Greetings all I am a veteran that has been doing computer stuff for many years. I cobble together computers from stores for veterans and provide my talents for free.
Recently I started doing VHS to DVD stuff for fellow vets of their VHS tapes that they have taped over the years and have had good success.
Some of them have asked me for old war movies, westerns and so on that they grew up with. I find many on U-tube and other sites.
What I wish to become knowing about is how to get rid of the annoying white whatever it is that people put on these films.
Now, many of the DVD's i make go to vet homes and private vets that don't have a clue as to how to do this, and many of the movies
can't be found except online. On top of that some buffoons like to take an old B&W and 3D the thing. I have that part figured out using
X media recode. But I can't figure out how to get rid of the white stuff.
Any help would be greatly appreciated. Although I am a newbie to this, I figure things out pretty quick. But if you held a gun to my head and told me to get rid of the white haze I would just say shoot me.
In conclusion, have a blessed day and happy Memorial Day!
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Post a sample image. But I think you're talking about black levels that are too high, giving the video a washed out look.
I believe you're referring to a "spotlight" effect (center of screen brighter, gradually fading off to normal edges) used in an attempt to bypass YouTube's Content ID system. Inverting that would be quite difficult.
Thank you for that info. Yes it is a "spot like effect" so I guess I shall just deal with it. Thank you for your help.
I would appreciate any help I can get. As the old saying goes "if you can't figure it out, stuff your pride and ask someone who knows!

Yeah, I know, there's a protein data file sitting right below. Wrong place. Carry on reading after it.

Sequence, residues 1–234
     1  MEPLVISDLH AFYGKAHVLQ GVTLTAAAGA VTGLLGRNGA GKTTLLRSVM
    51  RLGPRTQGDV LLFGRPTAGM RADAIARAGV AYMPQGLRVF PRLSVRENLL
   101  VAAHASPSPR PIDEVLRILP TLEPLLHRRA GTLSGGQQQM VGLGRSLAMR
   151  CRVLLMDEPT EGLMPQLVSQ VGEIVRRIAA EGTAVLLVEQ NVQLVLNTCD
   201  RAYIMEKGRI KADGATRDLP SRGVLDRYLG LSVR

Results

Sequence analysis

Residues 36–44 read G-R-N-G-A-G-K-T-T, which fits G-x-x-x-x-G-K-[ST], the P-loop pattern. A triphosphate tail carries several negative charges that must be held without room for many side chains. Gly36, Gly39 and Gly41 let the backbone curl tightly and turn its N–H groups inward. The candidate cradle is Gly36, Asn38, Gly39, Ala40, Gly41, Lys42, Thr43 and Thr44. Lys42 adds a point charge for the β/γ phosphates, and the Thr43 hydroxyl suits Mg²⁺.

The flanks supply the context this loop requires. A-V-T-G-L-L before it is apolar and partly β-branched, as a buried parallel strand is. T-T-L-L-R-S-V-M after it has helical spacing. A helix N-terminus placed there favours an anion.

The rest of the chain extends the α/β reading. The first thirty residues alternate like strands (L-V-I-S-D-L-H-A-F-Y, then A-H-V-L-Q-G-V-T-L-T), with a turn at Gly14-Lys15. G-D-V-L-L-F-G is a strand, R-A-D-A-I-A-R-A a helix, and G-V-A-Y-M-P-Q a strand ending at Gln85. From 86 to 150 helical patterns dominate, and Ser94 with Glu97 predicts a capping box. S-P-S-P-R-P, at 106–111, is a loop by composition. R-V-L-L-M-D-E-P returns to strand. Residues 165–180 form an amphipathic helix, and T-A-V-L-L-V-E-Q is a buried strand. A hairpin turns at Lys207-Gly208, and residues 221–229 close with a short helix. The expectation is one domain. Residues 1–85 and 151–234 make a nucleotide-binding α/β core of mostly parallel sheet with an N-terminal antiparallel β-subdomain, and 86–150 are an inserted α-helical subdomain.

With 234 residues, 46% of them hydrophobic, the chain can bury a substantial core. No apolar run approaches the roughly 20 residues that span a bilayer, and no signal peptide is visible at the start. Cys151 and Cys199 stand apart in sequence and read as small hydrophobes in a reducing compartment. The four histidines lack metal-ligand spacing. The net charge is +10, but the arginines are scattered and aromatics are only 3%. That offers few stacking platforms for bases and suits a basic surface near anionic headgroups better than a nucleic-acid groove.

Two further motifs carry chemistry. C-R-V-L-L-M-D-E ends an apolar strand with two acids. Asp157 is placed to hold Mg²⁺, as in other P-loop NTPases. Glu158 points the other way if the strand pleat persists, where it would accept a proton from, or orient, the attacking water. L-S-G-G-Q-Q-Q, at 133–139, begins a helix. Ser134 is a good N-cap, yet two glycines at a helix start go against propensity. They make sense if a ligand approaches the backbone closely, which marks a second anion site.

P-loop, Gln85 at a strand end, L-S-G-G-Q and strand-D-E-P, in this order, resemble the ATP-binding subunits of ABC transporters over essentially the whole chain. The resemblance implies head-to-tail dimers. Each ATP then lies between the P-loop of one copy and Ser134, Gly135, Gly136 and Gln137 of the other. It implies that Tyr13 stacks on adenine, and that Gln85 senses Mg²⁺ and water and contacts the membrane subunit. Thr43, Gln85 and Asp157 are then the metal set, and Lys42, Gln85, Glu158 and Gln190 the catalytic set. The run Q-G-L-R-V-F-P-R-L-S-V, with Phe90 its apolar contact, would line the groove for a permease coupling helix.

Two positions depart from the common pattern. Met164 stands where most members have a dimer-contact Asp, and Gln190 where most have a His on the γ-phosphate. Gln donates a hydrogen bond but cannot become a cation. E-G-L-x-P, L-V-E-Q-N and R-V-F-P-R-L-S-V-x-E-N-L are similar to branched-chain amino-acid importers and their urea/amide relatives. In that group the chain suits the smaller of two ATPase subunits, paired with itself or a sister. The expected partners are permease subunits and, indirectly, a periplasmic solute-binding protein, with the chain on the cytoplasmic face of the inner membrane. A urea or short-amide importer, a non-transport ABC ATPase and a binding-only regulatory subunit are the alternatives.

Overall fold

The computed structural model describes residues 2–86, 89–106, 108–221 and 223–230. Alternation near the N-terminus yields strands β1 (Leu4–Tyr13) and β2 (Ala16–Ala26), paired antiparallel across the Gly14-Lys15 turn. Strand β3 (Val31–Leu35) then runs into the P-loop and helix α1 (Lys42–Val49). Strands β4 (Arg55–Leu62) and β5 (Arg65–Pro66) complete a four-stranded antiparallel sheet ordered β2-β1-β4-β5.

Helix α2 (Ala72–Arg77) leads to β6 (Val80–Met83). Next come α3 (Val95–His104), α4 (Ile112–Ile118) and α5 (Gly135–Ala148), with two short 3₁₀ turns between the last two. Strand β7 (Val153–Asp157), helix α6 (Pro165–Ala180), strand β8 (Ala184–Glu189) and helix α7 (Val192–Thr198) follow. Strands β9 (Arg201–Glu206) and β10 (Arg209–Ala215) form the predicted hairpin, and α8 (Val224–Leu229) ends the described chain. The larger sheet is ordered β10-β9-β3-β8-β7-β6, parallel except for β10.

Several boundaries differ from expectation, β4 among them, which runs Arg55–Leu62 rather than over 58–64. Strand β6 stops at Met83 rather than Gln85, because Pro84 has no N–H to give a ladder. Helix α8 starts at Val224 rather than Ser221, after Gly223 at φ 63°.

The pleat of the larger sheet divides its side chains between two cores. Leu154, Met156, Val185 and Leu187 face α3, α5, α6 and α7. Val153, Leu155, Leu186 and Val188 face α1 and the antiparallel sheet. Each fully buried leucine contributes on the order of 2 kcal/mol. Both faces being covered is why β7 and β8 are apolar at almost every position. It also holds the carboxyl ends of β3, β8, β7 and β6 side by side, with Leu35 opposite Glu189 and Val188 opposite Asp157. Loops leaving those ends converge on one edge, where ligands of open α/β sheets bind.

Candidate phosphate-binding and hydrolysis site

Last edited by jagabo; 30th May 2016 at 11:38.
That is exactly IT!!! And as I looked at the movies on that page there are a few that I have dld and this is EXACTLY what I am talking about.
Now the $100,00- dolar question, how on earth did you do that!
What I really hate is these "clowns" love doing this to old movies that the younger crowd never even looks for. Maybe they need to change their underwear I guess. Any tutorials or programs I would need would be GREATLY appreciated.
Have a wonderful Memorial day all, remember our vets and the freedom we upheld, and say a small prayer for this country. Now I have to check on my bronto ribs, brisket, baby backs that I have been smoking from 3am. Have 20 or so folks and friends and vets coming to my cookout.
Fortunately I don't poop without a plan.
Avisynth filters rather than the VDub one to which he linked. In principle it's not hard at all. You have to get the center 'fix' right (or the outside fix), and then you have to create the mask. Once again, a link or (better, so we don't have to do the whole thing) a short sample would be helpful to show you a sample script of how it's done. If someone really did this on purpose for whatever screwy reason, it's probably the same throughout so you don't have to filter different parts differently.